J. Kyle Mathews, MD, DVM  
Male, 63
Plano, TX

Specialties: Urogynecolog, Pelvic Reconstructive Medicine

Interests: Women's Health, Bladder Diseases
Plano Urogynecology Associates
Obstetrics and Gynecology
Plano, TX
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What is Interstitial Cystitis and What Causes It?

Aug 09, 2010 - 3 comments





Interstitial Cystitis



Interstitial Cystitis (IC) or Painful Bladder Syndrome (PBS) is a condition of the urinary bladder associated with pelvic pain, pressure, or discomfort with persistent urge to void in the absence of urinary tract infection.   The condition was first given its name in 1887 and has undergone several name changes and diagnostic criteria.  Over 33 million Americans are affected by urinary dysfunction making this condition more prevalent than adult onset Diabetes in the U. S.

Individuals who have IC often have decreased quality of life measures and report adverse affects on leisure activity, family relationships, and travel.   The condition is found in women more than men and depressive symptoms are common.  

While there are a number of diagnostic criteria for IC, there is no agreed upon gold-standard test that reliably makes the diagnosis.  IC is therefore mostly a clinical diagnosis based on symptoms and signs, although, a number of tests are helpful.  Among women, IC is often confused with other causes of chronic pelvic pain such as endometriosis.  A study-examining women who had persistent chronic pelvic pain after hysterectomy found 80% to have IC.  

The cause of interstitial cystitis is unknown but two theories are often proposed.  The most popular theory is that an injury or insult to the bladder fails to heal completely causing a defect in the protective layer inside the bladder.  This defect allows leakage of urine into the bladder wall that stimulates pain receptors and causes inflammation.   The second theory suggests that other disease processes such as endometriosis, irritable bowel syndrome and fibromyalgia irritate nerves in the pelvis that innervate the bladder.  The theory suggests irritation of these nerves results in chronic bladder pain.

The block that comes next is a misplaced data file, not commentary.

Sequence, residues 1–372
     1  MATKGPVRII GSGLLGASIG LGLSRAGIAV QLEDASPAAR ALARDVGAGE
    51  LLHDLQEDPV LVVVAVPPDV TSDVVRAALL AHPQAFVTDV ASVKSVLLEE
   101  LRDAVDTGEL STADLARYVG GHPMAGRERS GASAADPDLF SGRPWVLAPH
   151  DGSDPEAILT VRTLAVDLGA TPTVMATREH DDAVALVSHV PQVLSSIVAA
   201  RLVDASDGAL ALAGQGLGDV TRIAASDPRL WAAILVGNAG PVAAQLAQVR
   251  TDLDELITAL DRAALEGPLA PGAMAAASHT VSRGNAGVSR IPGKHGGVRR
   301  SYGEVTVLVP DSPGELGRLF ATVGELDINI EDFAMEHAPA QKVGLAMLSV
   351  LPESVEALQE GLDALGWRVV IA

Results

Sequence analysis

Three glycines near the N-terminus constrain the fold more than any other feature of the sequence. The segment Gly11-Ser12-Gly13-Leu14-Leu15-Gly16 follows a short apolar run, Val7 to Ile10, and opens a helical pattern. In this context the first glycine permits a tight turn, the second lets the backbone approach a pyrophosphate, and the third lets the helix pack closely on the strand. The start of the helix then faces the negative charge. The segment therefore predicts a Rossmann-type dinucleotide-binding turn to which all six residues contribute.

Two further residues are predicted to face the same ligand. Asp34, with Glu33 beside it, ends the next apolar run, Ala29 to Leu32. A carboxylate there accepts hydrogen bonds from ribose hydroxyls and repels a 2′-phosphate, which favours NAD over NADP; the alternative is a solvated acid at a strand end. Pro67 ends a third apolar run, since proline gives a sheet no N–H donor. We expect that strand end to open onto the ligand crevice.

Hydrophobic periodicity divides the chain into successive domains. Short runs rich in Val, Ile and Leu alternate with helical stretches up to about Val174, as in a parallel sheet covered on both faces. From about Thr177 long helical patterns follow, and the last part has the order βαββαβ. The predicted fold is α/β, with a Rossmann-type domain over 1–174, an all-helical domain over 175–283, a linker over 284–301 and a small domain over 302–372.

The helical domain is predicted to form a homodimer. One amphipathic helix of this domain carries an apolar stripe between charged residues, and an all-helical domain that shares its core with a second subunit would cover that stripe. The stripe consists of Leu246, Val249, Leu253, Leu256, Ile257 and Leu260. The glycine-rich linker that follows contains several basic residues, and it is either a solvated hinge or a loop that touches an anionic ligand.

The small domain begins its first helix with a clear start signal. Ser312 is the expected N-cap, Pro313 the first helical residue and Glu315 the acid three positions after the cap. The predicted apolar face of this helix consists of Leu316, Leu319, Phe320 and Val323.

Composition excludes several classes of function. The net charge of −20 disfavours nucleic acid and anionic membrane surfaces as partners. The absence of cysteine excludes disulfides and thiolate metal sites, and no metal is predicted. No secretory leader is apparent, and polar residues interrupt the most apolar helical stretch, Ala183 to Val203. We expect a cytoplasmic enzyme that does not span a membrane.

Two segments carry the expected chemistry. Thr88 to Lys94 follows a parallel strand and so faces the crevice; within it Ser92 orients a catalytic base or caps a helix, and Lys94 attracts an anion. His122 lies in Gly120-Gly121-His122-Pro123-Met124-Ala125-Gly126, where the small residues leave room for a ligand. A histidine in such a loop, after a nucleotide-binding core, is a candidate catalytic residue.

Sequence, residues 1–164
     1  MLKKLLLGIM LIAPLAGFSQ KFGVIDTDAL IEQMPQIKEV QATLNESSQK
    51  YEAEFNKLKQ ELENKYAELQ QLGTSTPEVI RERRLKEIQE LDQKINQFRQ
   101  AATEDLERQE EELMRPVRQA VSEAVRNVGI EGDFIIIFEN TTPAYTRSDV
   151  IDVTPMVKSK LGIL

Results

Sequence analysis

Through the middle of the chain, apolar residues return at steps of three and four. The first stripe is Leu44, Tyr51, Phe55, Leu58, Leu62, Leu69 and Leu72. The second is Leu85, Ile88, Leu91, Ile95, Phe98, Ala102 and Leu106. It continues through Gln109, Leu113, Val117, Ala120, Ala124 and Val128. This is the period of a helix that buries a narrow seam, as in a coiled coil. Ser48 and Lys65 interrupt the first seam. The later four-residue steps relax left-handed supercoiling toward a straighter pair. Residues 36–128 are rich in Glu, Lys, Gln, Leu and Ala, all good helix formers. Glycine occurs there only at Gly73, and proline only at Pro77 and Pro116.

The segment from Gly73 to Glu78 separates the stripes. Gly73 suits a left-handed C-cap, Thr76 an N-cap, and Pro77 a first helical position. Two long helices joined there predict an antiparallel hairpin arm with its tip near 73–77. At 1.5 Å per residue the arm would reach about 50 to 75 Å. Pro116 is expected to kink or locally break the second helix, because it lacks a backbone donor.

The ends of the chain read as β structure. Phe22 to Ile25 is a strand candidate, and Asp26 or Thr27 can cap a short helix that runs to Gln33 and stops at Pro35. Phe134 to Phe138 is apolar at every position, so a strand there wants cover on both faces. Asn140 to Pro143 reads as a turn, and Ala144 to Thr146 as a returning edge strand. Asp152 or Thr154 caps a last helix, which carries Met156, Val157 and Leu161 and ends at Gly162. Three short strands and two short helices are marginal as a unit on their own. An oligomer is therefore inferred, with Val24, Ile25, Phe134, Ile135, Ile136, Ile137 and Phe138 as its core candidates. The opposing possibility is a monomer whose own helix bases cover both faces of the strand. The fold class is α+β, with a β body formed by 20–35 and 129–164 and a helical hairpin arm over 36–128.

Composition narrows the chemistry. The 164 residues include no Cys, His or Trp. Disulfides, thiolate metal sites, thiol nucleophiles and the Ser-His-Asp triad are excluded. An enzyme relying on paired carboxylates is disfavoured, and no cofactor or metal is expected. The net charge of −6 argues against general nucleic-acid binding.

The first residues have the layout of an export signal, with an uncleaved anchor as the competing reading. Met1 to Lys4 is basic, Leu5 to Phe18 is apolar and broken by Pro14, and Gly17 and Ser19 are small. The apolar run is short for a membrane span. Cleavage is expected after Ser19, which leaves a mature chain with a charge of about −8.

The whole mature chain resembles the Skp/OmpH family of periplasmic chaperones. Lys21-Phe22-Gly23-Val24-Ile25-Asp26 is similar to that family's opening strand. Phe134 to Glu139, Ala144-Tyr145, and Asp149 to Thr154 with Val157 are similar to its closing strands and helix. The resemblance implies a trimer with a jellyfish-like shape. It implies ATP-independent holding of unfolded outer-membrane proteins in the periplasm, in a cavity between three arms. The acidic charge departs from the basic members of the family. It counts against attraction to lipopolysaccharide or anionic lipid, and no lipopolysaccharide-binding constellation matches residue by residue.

J. Kyle Mathews, MD

Plano Urogynecology Associates

Plano OB Gyn Associates

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by minxster, Aug 09, 2010
i have diabetes which is very poor controlled, i suffer about twice a month with cystitis, do you think this could be to do with my blood sugar?

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by J. Kyle Mathews, MD, DVMBlank, Aug 15, 2010
Poorly Controlled Diabetes can make you more prone to infection, not to mention having increase in the need to urinate.  To my knowledge, there is no association with Diabetes and Interstitial Cystitis.  JKM

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by tiredofbladder, Nov 20, 2010
I had a vaginal hysterectomy two and a half weeks ago. (Only my uterus was removed.) They also did a cystoscopy to check for any growths in my bladder.  None was found.  However, since the operation I have suffered with painful urination.  My urine has been tested twice this week and there is no infection.  I had to go back to theatre last night to drain a vault abcess that formed after the hysterectomy.  The gynea was convinced that this was also causing the painful urination, but tonight after the abscess has been drained I am back to square one.  I have also suffered a really bad spell of spastic colon last week, but the pain seems to have subsided after medication.  Nothing not even the strong anti-inflammatories or painkillers I am on, makes any difference to the pain when I urinate.  I am now getting to a place where I am scared to go to the toilet.  Is there a chance that they damaged my bladder's protective layer during the cystoscopy?  The gynea is not very forthcoming with information regarding this.  Could you please advise?

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